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Subject: [boost] [local] Review
From: John Bytheway (jbytheway+boost_at_[hidden])
Date: 2011-11-18 18:53:59

To begin with, my overall opinion: I say yes, Boost.Local should be

> - What is your evaluation of the design?

The design is clearly well thought-out. I admire Lorenzo's dedication
to discussing his design decisions as thoroughly as possible on the
mailing list. I've watched the development of the library with
interest, and have been glad of the opportunity to comment along the way.

On one specific pleasant surprise: thank you for providing the inline
feature to offer your users the chance to choose their optimization
trade-offs for themselves, and I'm glad you found a faster alternative
to the virtual function trick.

However, I still have a few concerns:

I question the choice to bind const variables by const value by default,
with (as far as I can see) no means to bind them by non-const value.
This runs contrary to my instincts in regard to functions in C++ more
generally (although I see C++11 lambdas have similar behaviour...).
It's not a serious problem, but I would have chosen differently.

On binding this: I vote that this_ is a better name than _this. The
name is not a placeholder in the sense the term is used in libraries
using the leading underscore convention for placeholders.

Also, how do your various choices of syntax behave in the context of
nested local functions? Consider:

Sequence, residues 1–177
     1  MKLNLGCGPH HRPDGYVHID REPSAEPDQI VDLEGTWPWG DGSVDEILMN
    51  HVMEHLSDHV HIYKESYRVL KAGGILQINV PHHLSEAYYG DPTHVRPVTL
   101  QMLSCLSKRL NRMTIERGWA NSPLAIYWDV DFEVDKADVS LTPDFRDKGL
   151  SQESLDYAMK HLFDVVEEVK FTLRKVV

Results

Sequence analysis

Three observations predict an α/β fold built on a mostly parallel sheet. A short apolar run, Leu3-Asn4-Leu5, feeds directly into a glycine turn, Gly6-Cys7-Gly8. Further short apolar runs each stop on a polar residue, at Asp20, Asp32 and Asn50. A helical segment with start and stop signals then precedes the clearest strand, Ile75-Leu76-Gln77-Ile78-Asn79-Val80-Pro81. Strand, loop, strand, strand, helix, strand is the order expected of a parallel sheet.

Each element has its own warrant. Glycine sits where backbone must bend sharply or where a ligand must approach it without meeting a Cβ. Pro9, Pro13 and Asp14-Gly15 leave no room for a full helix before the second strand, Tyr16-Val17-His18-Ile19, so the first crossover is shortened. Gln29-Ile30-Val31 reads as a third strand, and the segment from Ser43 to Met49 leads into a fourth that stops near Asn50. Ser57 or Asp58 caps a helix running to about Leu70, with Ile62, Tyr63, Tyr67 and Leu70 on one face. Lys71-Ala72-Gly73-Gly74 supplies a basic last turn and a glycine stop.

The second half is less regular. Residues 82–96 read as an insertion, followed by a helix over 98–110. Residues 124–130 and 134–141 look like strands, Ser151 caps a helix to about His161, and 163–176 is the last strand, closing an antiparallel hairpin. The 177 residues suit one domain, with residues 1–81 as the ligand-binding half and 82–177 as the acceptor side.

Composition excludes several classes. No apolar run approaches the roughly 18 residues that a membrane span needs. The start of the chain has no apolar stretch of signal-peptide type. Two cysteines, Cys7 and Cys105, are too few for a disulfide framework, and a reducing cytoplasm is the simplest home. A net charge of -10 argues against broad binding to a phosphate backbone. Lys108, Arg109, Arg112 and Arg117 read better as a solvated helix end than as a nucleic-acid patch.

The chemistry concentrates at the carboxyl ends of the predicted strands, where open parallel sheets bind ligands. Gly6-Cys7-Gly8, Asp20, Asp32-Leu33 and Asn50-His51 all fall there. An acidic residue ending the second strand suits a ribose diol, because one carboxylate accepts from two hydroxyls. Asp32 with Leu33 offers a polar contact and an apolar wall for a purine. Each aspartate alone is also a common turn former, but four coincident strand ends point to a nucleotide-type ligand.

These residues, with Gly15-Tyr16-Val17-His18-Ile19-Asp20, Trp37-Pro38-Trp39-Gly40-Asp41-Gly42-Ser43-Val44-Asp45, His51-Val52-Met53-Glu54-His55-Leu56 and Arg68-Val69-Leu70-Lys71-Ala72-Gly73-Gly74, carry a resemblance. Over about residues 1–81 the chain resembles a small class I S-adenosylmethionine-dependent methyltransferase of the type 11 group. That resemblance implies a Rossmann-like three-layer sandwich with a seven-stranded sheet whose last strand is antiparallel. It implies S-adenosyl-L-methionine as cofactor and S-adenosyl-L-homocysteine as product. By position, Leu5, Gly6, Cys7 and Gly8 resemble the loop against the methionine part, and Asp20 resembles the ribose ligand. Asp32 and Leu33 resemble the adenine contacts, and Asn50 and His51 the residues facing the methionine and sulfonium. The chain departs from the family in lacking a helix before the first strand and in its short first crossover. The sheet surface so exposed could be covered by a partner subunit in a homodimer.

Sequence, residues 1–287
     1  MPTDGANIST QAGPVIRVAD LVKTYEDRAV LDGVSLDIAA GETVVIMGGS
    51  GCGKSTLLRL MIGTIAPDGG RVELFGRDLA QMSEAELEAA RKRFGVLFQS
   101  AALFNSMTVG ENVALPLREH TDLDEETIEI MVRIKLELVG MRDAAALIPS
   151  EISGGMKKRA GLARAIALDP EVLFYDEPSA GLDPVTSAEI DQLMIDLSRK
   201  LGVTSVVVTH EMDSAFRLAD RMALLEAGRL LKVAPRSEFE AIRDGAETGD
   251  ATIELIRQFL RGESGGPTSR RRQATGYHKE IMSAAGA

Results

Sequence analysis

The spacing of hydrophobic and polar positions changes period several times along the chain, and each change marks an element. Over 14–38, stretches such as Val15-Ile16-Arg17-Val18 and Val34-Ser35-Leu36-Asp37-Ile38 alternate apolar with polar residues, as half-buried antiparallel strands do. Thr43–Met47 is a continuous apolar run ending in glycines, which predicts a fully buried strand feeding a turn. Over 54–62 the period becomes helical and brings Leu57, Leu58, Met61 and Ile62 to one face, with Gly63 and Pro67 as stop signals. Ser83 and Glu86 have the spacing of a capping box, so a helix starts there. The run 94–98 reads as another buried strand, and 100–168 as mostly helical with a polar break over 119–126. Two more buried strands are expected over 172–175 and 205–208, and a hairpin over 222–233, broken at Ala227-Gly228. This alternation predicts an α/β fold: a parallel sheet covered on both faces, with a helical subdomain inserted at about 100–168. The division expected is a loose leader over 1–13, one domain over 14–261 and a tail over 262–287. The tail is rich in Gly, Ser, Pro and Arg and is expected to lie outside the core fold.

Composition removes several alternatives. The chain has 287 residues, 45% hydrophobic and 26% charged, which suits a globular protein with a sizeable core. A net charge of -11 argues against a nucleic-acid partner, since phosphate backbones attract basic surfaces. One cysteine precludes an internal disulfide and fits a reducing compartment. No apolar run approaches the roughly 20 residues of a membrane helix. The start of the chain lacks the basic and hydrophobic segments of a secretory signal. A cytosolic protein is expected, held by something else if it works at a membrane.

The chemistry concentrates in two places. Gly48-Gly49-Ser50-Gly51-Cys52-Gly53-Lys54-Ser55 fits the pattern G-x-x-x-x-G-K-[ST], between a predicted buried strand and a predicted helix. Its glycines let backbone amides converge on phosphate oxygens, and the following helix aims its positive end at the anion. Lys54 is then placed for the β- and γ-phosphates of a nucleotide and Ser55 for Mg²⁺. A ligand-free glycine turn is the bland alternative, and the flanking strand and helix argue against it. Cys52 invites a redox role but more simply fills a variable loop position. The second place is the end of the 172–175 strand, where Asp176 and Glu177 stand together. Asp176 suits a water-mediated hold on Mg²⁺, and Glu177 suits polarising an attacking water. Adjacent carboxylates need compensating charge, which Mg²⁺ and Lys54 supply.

void BOOST_LOCAL_FUNCTION_PARAMS(bind this_) {

If you change the syntax (as I think you were proposing) so that "this_"
appears in the first line here in place of "this", then how would the
second line behave? I would want it to bind the this pointer for the
outer object, not the inner instance of the class that Boost.Local
defines for me.

You discuss exception specifications for the various objects that can be
defined. If this includes noexcept in C++11 (which I imagine it does)
then you should mention that. The ability to write noexcept local
blocks (which can easily be made to work in C++03 too) might be another
motivating feature for local blocks. Furthermore, you should seriously
consider whether BOOST_LOCAL_EXIT's function should be declared noexcept
by default where possible, since it is in many ways like a destructor.

How feasible would it be to allow overload to be used without declaring
all the function types. So, your example:

          void (const std::string&)
        , void (const double&) // Overload 1st param type.
        , void (const double&, const char*) // Overload giving default
        , int (int, int) // Overload giving 2 params (from function
> print(print_string, print_double, print_double, print_add);

might be written instead:

auto print = make_overload(print_string, print_double, print_double,

(with suitable use of BOOST_AUTO for C++03). I guess this only works if
all the functors passed are monomorphic and expose (or could be made to
expose) their argument types, but that covers function pointers,
boost::function objects, and Boost.Local functions, which is a fairly
wide applicability.

Writing the above inspires me to ask: Do Boost.Local functions expose
their argument types and return types at compile time? If there is a
widely accepted way for monomorphic functors to do so, then they should.
 If there is no such widely accepted way, then one should be created,
but that's probably not a job for you right now :).

In a similar vein, as I was pondering potential uses of the overload